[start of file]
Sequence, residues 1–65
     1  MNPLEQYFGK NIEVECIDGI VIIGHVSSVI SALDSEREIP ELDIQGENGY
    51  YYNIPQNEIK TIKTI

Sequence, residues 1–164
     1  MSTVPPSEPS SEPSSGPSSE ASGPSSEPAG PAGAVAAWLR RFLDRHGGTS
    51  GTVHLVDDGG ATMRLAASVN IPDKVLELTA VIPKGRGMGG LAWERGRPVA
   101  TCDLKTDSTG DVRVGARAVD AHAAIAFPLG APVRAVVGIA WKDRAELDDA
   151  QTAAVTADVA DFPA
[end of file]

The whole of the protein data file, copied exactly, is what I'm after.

Sequence, residues 1–65
     1  MNPLEQYFGK NIEVECIDGI VIIGHVSSVI SALDSEREIP ELDIQGENGY
    51  YYNIPQNEIK TIKTI

Sequence, residues 1–164
     1  MSTVPPSEPS SEPSSGPSSE ASGPSSEPAG PAGAVAAWLR RFLDRHGGTS
    51  GTVHLVDDGG ATMRLAASVN IPDKVLELTA VIPKGRGMGG LAWERGRPVA
   101  TCDLKTDSTG DVRVGARAVD AHAAIAFPLG APVRAVVGIA WKDRAELDDA
   151  QTAAVTADVA DFPA